As the boys’ terrorist attack on Shinjuku is underway, Lisa finds herself in a familiar situation: she has no choice but to jump. She’ll have to leap into Twelve’s arms if she wants to survive. Nevertheless, she’ll become an accomplice if she does. If the boys are ever caught, so too will she. Nine even tells her that there’s no going back, i.e. she’s lost her innocence. Not only that, right before Lisa jumps, she hears her classmates telling her to “[f]ly high.” In both cases, you could say Twelve saves her. In both cases, you could say Nine is observing from a distance. In both cases, she is told by others to take the plunge. In first example, she’ll merely jump into a pool at first glance. In the second example, she’ll jump into complicity, forever linked to these boys’ horrible crime. If the first scene foreshadows the second scene, then perhaps the pool is more meaningful than we think. Rather, the pool represents the deep end or the harrowing abyss.
Although Lisa did not literally jump into the pool at the start of the episode, we can already assume that she has been drowning in her despair for quite some time now. After all, this probably isn’t the first time those girls have bullied her. Not only that, the ED features Lisa drowning in a body of water before a hand reaches out and saves her. So like I’ve said, she’s already in the abyss. She just now discovers that there are other people in there with her. But there’s even more to this metaphor. In both cases, again, she’s being goaded by others to jump. In the first scene, her classmates are her abusers, teasing and taunting her. If they had been nice to her, perhaps she wouldn’t be as lonely as she is now. And if she wasn’t as lonely as she is now, she probably never would’ve caught the boys’ attention. In the second scene, the boys have assumed the mean girls’ roles. Yes, they “save” her, but their actions put her in danger in the first place. If she wants to live, she thus has no choice but to listen to them. Lisa ends up jumping from one group of abusers to another.
— In another way, we are accomplices. We don’t watch Terror in Resonance hoping that the boys don’t succeed in their plans. I mean, perhaps later in the story, we’ll hope that they get caught. But right now? We do want to see Tokyo get rocked with explosions. We do want to see their acts of terror succeed. We wouldn’t have a story otherwise. Nevertheless, by even paying attention, we help to set the events in motion.
— So Nine and Twelve are escapees from an institute. We even see them break into a Nuclear Fuel Reprocessing Facility, which must be no easy task. They’ve also planned out the attack on Shinjuku for quite some time now. Therefore, these two boys are very capable and very highly intelligent. Have they been experimented on? Are they special in some way? Perhaps they are not even entirely human. The possibilities are endless at the moment.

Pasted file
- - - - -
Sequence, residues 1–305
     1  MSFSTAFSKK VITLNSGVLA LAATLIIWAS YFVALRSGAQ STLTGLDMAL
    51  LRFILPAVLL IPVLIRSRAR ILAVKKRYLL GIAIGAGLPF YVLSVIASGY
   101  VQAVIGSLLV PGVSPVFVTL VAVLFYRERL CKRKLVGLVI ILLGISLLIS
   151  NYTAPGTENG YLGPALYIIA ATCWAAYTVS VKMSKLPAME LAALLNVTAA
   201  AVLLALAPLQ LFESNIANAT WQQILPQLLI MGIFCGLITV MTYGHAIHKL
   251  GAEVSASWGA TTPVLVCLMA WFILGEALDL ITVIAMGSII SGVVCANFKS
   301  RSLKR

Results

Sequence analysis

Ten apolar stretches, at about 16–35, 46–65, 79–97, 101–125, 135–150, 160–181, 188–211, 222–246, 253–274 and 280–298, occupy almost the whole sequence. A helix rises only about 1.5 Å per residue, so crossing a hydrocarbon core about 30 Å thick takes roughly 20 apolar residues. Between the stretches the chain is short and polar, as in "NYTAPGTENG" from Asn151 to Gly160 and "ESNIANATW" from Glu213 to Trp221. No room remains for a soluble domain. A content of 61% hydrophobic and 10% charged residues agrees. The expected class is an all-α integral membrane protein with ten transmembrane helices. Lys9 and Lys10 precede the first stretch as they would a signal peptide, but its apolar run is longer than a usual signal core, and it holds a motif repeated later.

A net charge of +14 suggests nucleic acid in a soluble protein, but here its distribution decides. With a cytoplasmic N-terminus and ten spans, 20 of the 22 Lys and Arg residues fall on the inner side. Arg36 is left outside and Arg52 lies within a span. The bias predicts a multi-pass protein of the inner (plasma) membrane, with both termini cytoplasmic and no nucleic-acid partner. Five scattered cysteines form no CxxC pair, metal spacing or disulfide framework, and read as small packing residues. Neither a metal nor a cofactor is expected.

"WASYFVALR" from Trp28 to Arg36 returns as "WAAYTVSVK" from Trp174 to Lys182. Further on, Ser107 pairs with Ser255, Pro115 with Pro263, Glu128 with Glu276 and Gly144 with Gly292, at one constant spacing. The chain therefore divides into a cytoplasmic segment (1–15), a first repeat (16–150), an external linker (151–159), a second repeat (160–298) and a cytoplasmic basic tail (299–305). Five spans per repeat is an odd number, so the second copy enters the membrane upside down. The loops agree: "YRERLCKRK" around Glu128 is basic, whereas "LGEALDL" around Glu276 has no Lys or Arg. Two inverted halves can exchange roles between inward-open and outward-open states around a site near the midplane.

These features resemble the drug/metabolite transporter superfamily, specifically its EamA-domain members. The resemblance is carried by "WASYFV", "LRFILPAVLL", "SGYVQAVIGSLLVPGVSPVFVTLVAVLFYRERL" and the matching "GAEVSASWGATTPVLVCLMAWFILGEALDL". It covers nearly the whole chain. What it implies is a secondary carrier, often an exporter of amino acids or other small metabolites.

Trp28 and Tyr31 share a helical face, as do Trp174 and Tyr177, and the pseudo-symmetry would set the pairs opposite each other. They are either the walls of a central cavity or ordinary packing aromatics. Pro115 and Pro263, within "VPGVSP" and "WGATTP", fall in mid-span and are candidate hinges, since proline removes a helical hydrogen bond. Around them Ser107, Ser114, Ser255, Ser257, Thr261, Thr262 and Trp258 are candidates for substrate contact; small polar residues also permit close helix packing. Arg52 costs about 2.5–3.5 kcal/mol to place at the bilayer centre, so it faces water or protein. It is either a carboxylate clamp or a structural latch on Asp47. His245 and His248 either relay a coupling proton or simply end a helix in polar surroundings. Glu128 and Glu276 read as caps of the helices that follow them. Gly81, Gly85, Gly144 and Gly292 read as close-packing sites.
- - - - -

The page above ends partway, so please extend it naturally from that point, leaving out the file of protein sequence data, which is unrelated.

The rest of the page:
— Speaking of the Nuclear Fuel Reprocessing Facility, Nine and Twelve stole something very dangerous — dangerous enough that their pursuers were afraid to open fire on the two boys. Well, what would an anime about terrorism be without an atomic bomb rearing its ugly head at some point?
— What does VON mean or stand for?
— I thought it was an impressive bit of animation when we got the first-person perspective of the boys escaping on the snowmobile.
— The boys hide their bombs in Kururin, some generic, cutesy mascot. This is subversive in a way, because cuteness has often been used by the authorities to shape public perception in Japan, i.e. “authority cuteness.” The boys are using that same cuteness to attack the power structures of Japan. This is literally represented by skyscrapers — amalgamations of steel, concrete, and human ingenuity — crashing down to the ground, turning into dust and debris. Skyscrapers are part of what makes Tokyo an iconic city, after all. More importantly, however, Shinjuku represents an important commercial and administrative center in Tokyo. I mean, does this building look familiar to you?
It’s the Tokyo Metropolitan Government Building. Cuteness is, therefore, being used to undermine authority.
— Does Twelve have an unnaturally keen sense of smell?
— Things seem to come in pairs in this first episode. Lisa, for instance, finds herself escaping to the restroom twice. She also feels sick in them twice. She even dumps her lunch into the toilet in the first instance. Is this a sign of some sort of eating disorder?
— Nine seems to be haunted by his dreams. Is Twelve less affected by their past, or is he just better at hiding his trauma, especially with his super positive personality? Is his cheerful demeanor just a facade or is it real?
— Nine mentions that they were too weak to save their friends, but things are different now. Is terrorism thus a display of power?
— In the panic and chaos, we see Twelve mocking the children’s fear. Just another sign that he’s a bit of a bully himself.